Thursday, March 28, 2013

The Art of Entertaining: How to write a party guest list

Julip Made how to write a guest list One of the first steps to planning any party, other than deciding what the party is for, is deciding who to invite. This can often be one of the hardest steps and depending on the amount of thought put into it can be the difference between an awkward silence dinner party and a night to remember.

How many people to invite?
The main rule of thumb for the number of people you invite is that it should match the number of people your space can hold comfortably.  Also know that this number varies depending on the type of party you are hosting.  For example, a cocktail party or holiday party where everyone would most likely be standing can fit more people than a seated dinner party.  Know that if you plan on guests to be able to sit at a cocktail party, there should be room for all to sit.  Otherwise it becomes awkward with some sitting and others towering over them standing.  For a dinner party, invite the number that fit comfortably seated at your dinner table without knocking elbows at every bite.  Also, know that larger dinner parties often get broken up into more than one table conversation.  I typically advise to stick to just enough for one conversation to flow easily.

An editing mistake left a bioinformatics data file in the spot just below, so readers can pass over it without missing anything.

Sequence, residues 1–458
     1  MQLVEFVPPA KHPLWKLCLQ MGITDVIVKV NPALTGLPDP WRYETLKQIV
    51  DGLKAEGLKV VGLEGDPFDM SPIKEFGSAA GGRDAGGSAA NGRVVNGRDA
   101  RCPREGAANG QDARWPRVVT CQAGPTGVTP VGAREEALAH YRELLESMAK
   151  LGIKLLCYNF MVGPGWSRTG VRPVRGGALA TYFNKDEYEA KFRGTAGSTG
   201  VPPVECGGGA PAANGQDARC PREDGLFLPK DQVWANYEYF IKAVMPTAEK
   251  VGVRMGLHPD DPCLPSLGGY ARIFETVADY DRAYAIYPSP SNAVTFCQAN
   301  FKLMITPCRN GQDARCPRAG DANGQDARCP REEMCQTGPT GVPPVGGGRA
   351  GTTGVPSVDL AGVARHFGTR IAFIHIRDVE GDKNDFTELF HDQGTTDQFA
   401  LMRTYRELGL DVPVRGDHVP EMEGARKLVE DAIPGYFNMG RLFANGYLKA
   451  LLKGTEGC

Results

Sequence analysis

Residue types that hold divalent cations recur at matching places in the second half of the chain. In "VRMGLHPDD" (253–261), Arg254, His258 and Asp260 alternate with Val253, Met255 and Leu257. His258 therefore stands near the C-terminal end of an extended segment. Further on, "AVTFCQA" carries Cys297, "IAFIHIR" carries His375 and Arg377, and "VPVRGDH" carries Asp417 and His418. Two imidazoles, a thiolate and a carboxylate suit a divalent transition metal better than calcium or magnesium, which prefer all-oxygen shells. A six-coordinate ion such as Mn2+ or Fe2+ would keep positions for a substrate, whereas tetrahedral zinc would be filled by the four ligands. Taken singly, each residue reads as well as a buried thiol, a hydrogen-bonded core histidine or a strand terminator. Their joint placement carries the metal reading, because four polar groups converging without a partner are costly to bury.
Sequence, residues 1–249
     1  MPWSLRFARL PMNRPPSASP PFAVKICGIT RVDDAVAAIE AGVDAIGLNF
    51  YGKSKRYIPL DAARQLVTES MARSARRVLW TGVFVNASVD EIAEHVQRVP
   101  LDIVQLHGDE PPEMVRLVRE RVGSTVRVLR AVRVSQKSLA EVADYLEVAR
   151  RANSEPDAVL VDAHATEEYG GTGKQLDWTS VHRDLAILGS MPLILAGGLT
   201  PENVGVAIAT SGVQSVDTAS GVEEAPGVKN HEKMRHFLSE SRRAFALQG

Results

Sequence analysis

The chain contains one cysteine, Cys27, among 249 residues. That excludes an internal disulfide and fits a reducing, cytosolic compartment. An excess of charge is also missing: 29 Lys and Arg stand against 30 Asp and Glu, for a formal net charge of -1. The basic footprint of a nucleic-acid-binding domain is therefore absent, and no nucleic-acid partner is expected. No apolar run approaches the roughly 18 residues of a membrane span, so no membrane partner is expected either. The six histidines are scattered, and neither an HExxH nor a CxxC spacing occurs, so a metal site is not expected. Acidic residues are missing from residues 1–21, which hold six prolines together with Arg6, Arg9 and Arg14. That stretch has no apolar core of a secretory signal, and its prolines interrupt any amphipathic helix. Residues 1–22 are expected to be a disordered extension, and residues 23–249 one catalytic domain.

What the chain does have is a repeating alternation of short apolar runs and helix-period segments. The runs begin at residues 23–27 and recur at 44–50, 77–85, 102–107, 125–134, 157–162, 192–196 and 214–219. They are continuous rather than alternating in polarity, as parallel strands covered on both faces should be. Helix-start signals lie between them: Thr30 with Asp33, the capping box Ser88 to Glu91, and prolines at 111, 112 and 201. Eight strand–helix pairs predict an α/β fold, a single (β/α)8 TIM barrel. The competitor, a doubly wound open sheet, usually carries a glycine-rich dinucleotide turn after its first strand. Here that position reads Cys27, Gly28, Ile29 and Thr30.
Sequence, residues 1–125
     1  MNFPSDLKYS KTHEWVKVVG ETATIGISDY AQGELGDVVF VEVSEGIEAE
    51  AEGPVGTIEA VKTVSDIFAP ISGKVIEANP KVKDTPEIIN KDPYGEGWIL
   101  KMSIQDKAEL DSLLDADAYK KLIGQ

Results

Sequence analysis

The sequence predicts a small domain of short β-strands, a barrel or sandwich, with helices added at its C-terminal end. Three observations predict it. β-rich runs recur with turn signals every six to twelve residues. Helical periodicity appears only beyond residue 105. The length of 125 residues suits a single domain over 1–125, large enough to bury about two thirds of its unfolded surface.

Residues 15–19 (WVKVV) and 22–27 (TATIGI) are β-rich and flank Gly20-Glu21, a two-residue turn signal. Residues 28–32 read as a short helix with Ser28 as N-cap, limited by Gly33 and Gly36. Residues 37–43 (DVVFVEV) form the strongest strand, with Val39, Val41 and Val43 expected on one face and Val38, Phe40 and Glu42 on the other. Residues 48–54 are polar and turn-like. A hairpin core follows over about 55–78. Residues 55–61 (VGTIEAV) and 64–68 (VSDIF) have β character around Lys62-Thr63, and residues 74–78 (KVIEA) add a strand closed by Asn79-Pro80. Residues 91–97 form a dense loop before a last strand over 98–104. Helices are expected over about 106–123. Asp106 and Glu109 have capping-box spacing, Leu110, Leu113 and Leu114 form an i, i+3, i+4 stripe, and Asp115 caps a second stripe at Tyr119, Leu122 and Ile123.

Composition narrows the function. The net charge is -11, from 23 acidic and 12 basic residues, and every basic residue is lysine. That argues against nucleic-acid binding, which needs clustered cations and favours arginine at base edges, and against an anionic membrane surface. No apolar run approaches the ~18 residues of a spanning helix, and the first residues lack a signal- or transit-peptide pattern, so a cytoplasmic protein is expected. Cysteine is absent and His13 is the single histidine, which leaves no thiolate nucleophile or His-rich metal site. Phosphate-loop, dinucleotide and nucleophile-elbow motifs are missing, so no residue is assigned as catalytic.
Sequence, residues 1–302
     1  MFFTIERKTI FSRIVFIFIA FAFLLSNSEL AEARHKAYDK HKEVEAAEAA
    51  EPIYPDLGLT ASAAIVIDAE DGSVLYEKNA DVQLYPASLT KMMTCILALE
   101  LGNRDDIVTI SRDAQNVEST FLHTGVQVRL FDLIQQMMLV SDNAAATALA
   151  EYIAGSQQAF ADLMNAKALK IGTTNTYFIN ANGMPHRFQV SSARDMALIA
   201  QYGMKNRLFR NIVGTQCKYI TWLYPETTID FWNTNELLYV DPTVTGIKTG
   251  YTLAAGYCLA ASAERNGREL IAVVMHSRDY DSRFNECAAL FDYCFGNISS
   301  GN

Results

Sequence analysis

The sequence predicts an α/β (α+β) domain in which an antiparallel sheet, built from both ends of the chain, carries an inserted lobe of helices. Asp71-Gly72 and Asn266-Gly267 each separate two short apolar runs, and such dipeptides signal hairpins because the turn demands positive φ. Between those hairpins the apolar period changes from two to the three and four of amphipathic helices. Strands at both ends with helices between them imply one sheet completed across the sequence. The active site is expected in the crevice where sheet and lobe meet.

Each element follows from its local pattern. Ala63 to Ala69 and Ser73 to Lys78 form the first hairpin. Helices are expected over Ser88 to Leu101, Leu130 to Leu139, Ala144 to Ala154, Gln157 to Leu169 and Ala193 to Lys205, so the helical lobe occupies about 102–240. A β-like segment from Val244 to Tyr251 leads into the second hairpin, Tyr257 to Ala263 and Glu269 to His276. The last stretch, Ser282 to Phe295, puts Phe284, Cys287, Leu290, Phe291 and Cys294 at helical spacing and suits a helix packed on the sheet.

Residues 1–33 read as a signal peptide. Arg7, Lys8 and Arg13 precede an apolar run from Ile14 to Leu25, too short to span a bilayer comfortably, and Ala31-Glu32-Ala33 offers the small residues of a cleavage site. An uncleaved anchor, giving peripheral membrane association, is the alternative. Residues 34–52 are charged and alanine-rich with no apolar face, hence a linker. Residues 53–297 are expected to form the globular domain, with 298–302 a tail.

Who to invite?
Who you invite is especially important for smaller parties like dinner parties where there is no escape from the party.  Focus on inviting people who you know will get along and have common interests.  This doesn't mean they have to be the same exact people, but would have enough in common to share a good conversation.  Sometimes a little difference of opinion is good and can stimulate discussion.  However, complete opposites, especially political or religious opposites can sometimes lead to heated discussions.

This matters less at larger cocktail parties because guests who do not necessarily get along can escape to a different conversation or area of the party.  I typically like to ensure that every guest knows at least 1-2 other people at the party, unless I'm trying to introduce someone new to the neighborhood.

These are just a few suggestions for your next event.  It is a whole new ballgame when it comes to wedding guest lists and that is something I'll cover later on this year as I plan my wedding!


  1. Great advice! I love entertaining but feel that I sometimes over invite because I don't want anyone to feel left out. I don't like dealing with hurt feelings. Any advice for graciously handling this situation?


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